Credit, Government, Personal Finance 

Emigrant Direct’s 60 Day Freeze Policy

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After reading a very informative post about Emigrant Direct’s 60 day account freeze clause at FiveCentNickel, I shot off an email to Emigrant to find out what the deal was with the clause. Essentially the response was that the clause was a requirement of the Patriot Act… email included below.

The curious clause was:

1. The Bank chooses to exercise its legal rights to require up to 60 days’ advance written notice of any intended withdrawal from this Account and the 60 days have not passed since we received the required notice from you;

The response I received was:

Dear Client,
Thank you for your inquiry. We have never had to exercise this option. Since 9/11 the Patriot Act states that all banks include this statement in case of a Terrorist Attack. Otherwise transfers take 2-4 business days.

Thank you for banking with EmigrantDirect.

While I haven’t found in the Patriot Act where this clause is stated as being required, the idea is that this is supposed to combat money laundering and help with record-keeping. I don’t buy it 100% and since I don’t see it in many other T&C’s for banks, I’m only a little suspect. In the end, since I don’t think this will affect me, it doesn’t bother me.

{ 6 comments, please add your thoughts now! }

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6 Responses to “Emigrant Direct’s 60 Day Freeze Policy”

  1. Scott says:

    That’s interesting. I bet it would come into effect in a national emergency, when people might want their money most. I wonder if any of the other banks with high interest rates have the same thing?

  2. Guest says:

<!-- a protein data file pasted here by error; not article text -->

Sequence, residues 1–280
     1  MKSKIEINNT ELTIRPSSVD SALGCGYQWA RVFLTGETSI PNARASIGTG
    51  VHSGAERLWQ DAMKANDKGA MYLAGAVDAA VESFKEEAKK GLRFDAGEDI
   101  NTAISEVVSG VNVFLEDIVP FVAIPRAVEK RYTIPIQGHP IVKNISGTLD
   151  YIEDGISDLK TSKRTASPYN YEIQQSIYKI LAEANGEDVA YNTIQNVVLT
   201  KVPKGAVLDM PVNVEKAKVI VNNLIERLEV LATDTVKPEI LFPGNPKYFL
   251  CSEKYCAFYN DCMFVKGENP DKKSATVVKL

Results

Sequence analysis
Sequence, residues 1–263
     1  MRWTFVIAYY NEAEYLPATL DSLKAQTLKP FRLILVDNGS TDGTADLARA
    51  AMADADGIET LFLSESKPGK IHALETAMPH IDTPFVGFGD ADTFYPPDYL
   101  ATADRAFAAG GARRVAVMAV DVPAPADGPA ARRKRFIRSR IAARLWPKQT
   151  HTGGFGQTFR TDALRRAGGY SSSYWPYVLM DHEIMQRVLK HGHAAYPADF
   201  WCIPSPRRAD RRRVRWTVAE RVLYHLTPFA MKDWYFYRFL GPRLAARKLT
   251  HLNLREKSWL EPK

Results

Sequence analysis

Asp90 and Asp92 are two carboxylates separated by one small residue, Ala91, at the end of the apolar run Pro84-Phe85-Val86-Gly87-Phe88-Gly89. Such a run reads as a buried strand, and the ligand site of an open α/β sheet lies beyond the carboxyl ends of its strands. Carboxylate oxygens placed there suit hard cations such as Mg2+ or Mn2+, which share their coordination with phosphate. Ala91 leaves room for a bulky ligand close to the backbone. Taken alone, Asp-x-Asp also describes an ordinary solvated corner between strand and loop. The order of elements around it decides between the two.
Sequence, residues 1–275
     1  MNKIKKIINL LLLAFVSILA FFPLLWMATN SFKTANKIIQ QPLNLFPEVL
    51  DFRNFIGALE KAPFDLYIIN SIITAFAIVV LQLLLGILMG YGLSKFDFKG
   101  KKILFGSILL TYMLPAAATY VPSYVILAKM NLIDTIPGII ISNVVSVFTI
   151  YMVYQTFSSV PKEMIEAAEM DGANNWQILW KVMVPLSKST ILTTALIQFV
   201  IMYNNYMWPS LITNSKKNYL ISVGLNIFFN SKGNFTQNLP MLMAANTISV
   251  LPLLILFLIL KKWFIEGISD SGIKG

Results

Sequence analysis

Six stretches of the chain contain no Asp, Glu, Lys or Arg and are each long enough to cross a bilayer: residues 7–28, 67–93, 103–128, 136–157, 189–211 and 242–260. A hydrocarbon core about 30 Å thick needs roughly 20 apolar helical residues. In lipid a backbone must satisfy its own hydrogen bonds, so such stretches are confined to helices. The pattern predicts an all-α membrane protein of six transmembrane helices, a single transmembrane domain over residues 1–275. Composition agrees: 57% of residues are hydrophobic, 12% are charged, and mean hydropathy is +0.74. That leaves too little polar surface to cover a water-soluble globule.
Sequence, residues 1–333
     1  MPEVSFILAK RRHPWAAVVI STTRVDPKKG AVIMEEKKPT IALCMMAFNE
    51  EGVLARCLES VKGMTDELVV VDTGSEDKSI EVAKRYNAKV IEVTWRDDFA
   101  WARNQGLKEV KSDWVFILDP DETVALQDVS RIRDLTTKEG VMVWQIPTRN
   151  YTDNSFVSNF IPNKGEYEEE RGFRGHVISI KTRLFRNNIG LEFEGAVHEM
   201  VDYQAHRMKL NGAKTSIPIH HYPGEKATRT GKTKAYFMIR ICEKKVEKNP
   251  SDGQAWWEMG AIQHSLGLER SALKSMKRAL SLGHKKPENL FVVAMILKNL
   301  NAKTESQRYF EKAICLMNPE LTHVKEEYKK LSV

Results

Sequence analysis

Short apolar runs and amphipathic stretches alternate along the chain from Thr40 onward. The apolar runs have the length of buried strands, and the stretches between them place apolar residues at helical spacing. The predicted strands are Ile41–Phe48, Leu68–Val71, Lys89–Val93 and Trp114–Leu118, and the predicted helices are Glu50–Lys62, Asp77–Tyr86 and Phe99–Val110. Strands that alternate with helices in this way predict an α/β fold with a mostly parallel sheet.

ING does not seem to have that policy. I’ve thoroughly read through their agreement. Likewise, Countrywide Bank does not have that policy either. Emigrant is not entirely being truthful.

    Someone on FiveCentNickel said it is a New York Regulatory requirement. Perhaps it was put in after 9/11.

  3. Emigrant’s Dirty Little Explanation
    The other day I wrote about Emigrant Direct’s dirty little secret… A clause in their terms and conditions that allows them to require 60 days written notice of any withdrawal. Well, it seems that jim over at Blueprint for Financial Prosper…

  4. thc says:

    Financial institutions need to be very cautious these days about money laundering, especially on-line firms where no one really talks to the client. Money in and then out again in a short period of time is very suspicious.

  5. jack says:

    The fact that such a clause is not found in other financial institutions is irrelevant if the requirement is in gfact a legal one. those institutions are not required to publish laws in their disclosures, only policies. There are many requirements in the Patriot act that do indeed apply to financial institutions. These, as well as tens of thousands of other laws and banking regulations are not published in the consumer disclosures. If that were to happen your next credit card application would be the size of a phone book. If Emigrant is in fact including an important requirement of the Patriot Act for the consumer’s information, and others do not, then it is a credit to their opporation.

  6. Allan says:

    I’ve never had problem withdrawing money from my EmigrantDirect account. However, Presidential Bank reqires a written letter to withdraw money which caused me to close my account there.

    ING Direct is paying 4.5% APR, but they quoted 5.05%. The different between APR and quoted rate is the fee or profit they charge (margin). Normally, lenders spread this fee over the first year on mortgage loans, then the quoted rate kicks in for the rest of the loan’s life.

    HSBC has been steadily paying over 5% the past year.

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